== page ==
Clean Water Champion: Jean Eno

This month we were able to track down the ever-busy, always awesome, super volunteer, Jean Eno. Jean helped to found and now is the Director of the Winnicut River Watershed Coalition, she’s a wonderful naturalist at the Great Bay Discovery Center, is on the board for the York Center for Wildlife, a trustee for the Great Bay Stewards, a board member for the Weeks Brick House & Gardens, travels all over the state with the UNHCE Speaking for Wildlifeprogram, is highly engaged with the local food scene and volunteers at the Seacoast Food Pantry, plus she’s an AWESOME cook! Jean’s ethic towards protecting the environment and her willingness to lend her talents, energy and time to volunteering in so many different places makes her a very deserving Clean Water Champion – we’re so lucky to have her in our region!
Jean (2nd fr left) doing some investigating of the Winnicut River’s Biology as part of the Volunteer Biological Assessment Program
PREP: How long have you been a champion for clean water?
Jean: I’ve been physically involved with local charges for the last four+ years, but 2006 was the year I saw a video called ‘Shifting Baselines’ (in Dave Burdick’s freshwater science class at UNH) and read Fred Pearce’s ‘When the Rivers Run Dry’.  The true catalysts of my raised awareness, those two.

PREP: How’d you get started in protecting clean water?
Jean: I started working at the Great Bay National Estuarine Research Reserve’s Great Bay Discovery Center in 2007 to satisfy an undergrad requirement.  My position included everything from cleaning toilets to designing children’s programming to creating educational outreach information, all of which ultimately plugged me right into the very estuary that I lived (and still live) on.  Working on the shoreline-oftentimes literally-absolutely made me pay attention.  We consider our parcel a sanctuary.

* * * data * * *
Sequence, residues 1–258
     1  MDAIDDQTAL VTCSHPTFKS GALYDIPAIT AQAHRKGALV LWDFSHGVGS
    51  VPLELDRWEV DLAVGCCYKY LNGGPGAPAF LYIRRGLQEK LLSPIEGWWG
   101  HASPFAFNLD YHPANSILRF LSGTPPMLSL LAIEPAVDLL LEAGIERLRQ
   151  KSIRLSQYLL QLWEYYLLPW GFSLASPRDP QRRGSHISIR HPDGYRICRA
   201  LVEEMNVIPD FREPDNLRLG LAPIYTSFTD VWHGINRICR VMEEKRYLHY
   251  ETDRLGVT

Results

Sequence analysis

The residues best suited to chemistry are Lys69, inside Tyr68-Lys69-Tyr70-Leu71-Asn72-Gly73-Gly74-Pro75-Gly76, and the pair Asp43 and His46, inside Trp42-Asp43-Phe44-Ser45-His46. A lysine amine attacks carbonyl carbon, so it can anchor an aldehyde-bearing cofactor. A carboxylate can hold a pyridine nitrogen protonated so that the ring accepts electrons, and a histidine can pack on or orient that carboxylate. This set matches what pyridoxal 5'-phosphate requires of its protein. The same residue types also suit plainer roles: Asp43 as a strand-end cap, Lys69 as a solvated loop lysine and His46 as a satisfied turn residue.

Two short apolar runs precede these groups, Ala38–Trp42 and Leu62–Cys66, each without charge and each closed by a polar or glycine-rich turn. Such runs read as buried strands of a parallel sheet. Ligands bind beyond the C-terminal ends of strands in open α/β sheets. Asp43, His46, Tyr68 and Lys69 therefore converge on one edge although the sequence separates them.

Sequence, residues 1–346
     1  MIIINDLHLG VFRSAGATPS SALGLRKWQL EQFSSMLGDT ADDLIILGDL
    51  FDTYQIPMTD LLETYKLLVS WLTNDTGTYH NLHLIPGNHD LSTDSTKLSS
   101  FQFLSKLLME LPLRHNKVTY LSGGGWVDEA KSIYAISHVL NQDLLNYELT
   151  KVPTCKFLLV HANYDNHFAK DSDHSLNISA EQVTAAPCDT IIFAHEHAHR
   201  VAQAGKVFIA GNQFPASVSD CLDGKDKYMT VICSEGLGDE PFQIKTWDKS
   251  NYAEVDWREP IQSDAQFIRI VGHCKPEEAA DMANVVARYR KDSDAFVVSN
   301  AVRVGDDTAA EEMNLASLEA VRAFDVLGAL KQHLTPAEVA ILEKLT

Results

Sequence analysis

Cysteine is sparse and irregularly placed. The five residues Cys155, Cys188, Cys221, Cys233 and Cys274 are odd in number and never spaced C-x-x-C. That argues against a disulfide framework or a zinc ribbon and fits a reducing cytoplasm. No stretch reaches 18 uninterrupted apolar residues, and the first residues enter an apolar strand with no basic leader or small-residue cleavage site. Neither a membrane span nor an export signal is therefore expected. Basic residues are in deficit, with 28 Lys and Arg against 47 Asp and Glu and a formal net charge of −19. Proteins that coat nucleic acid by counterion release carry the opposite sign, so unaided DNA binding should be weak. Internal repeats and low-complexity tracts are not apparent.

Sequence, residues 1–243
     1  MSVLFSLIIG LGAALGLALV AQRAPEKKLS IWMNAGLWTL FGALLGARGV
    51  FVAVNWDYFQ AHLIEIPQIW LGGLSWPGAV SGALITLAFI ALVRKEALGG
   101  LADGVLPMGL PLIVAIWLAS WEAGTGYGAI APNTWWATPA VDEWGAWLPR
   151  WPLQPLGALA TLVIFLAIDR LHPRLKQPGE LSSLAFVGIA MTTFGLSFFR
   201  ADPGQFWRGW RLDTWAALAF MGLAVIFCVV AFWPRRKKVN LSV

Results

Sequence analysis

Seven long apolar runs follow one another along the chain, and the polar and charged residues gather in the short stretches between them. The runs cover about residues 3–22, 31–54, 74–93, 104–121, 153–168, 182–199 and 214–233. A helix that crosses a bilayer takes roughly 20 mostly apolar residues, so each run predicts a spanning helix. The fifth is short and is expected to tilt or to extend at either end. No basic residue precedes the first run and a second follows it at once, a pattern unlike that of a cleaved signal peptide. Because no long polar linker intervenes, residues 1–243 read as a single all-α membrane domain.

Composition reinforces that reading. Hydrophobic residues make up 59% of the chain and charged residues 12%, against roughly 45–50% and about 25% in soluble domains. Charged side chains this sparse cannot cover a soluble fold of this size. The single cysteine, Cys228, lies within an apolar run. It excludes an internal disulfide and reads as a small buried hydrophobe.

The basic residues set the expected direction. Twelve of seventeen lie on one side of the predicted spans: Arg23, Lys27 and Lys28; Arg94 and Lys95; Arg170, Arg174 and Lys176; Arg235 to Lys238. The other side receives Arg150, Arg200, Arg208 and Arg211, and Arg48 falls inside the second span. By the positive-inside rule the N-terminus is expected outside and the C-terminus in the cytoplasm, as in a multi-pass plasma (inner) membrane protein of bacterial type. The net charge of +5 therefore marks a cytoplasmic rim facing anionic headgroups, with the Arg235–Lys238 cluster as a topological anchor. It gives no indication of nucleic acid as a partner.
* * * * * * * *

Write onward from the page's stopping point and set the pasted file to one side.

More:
PREP: What’s your favorite thing to do with or on water?
Jean:  You know, just knowing that there is life teeming within it, life that leads to more life…sometimes it’s just about watching from a distance.  Up close, VBAP work with Sally Soule was a blast, but I do immensely enjoy kayaking.  With binoculars.

PREP:What’s been your proudest moment as a clean water champion?
Jean: When a very engaged High School science teacher from a nearby town wrote and asked if I could include some at-risk students on a round of water testing a couple of summers ago, I was all over it.  I put all nine students (and teachers!) hands-on and they learned about water quality sampling protocols, meter operation, and even quality assurance/quality control.  They of course learned about water quality parameters, how to differentiate select native aquatic plants from non-natives, and how to identify all kinds of wildlife (they were particularly enamored with a green frog’s “eeek!”).  Their capstone project later that summer included an Open House informational fair at their school, organized and manned entirely by them, and, through the help of their teacher, a very cool video compilation of their summer-long experiences.  Their presentation was awesome…and very heartfelt.  There was barely a dry eye in the room full of teachers, parents, their principal, and me.
PREP: What’s one simple thing you would tell somebody to do to protect the places around the Seacoast they love?
Jean: Ha! Ha!, don’t just be an observer!  Be a voice.  Forget ego, forget pride…don’t be afraid to ask that proverbial ‘dumb question’.
Connect with the Winnicut River Watershed Coalition HERE.
And on December 16th from 6:30-7:30pm at the Weeks Public Library in Greenland join Jean, the WRWC & the Great Bay-Piscataqua Waterkeeper for the Winter Conservation Accomplishments & Challenges Series: Ensuring the Health of Great Bay. For more info CLICK HERE.

PREP is part of the U.S. Environmental Protection Agency’s National Estuary Program, a joint program between local, state and federal agencies established under the Clean Water Act with the goal of protecting and enhancing nationally significant estuarine resources. PREP is supported in part by an EPA matching grant and is housed within the School of Marine Science and Ocean Engineering at the University of New Hampshire.